Share

June 12, 2013 § Leave a comment

Some years ago when I was a member of an online craft group which consisted almost entirely of North Americans, I could not help but be struck by their use of the word share. In my childhood, I associated share strongly with a bag of sweets or some good thing to eat. If you owned the sweets, you did not want to share them, but if someone else owned the sweets, you certainly wanted your share.

There was a lot of sharing in my online group, naturally not of sweets. Bad and good news were shared. Someone might report a sad piece of history or news, and add perhaps the words, I just wanted to share.

Share? But I do not want a share of that, I would find myself thinking. I still had, and have, my childish notions of what share means. Bad news is not something to share. How can you share something no one wants a share of?

You can, of course, tell them your bad news.

However, more and more people in the UK are sharing things. I can’t get used to it. Last night, at a talk here in London, the speaker, having told us something useful added, ‘I just wanted to share that with you.’  Is a little extra credit attached to a speaker who shares something with us rather than merely tells us something?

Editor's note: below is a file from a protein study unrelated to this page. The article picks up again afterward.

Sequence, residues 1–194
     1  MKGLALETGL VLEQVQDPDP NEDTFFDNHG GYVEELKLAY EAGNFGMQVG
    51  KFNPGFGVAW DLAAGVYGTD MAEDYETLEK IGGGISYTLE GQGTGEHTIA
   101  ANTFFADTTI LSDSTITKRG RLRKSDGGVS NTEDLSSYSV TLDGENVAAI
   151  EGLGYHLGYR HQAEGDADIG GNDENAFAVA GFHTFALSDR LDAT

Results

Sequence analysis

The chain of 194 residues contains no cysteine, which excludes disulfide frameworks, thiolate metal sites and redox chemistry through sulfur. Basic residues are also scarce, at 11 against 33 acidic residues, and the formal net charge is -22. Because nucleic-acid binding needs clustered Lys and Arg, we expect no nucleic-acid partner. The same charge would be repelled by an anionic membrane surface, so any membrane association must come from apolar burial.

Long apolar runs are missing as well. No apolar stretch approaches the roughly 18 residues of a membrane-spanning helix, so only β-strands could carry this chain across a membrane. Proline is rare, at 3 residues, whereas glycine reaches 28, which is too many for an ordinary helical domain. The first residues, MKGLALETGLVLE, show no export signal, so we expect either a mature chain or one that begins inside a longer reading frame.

I agree with Larry Trask (an American) about this usage:

Share (with) Only this morning, the electronic question list on language to whose panel I belong received a question from a young American woman, who asked us ’Could you share with me your thoughts on this matter?’ This eccentric use of share is predominantly American, though perhaps not unknown elsewhere. It sounds silly and it should be avoided. Prefer a blunter verb, such as tell or advise. Our correspondent would have been wiser to write ‘Can you tell me what you think about this?’

From Mind The Gaffe* (2001) by R L Trask

* When you get off an underground train at some London stations, an automated announcement is made (or shared), ‘Please mind the gap.’  There is a space between the platform edge and the train.

I don’t think that Americans tend to say ‘mind’ when they mean ‘watch out for’ or ‘pay attention to’.

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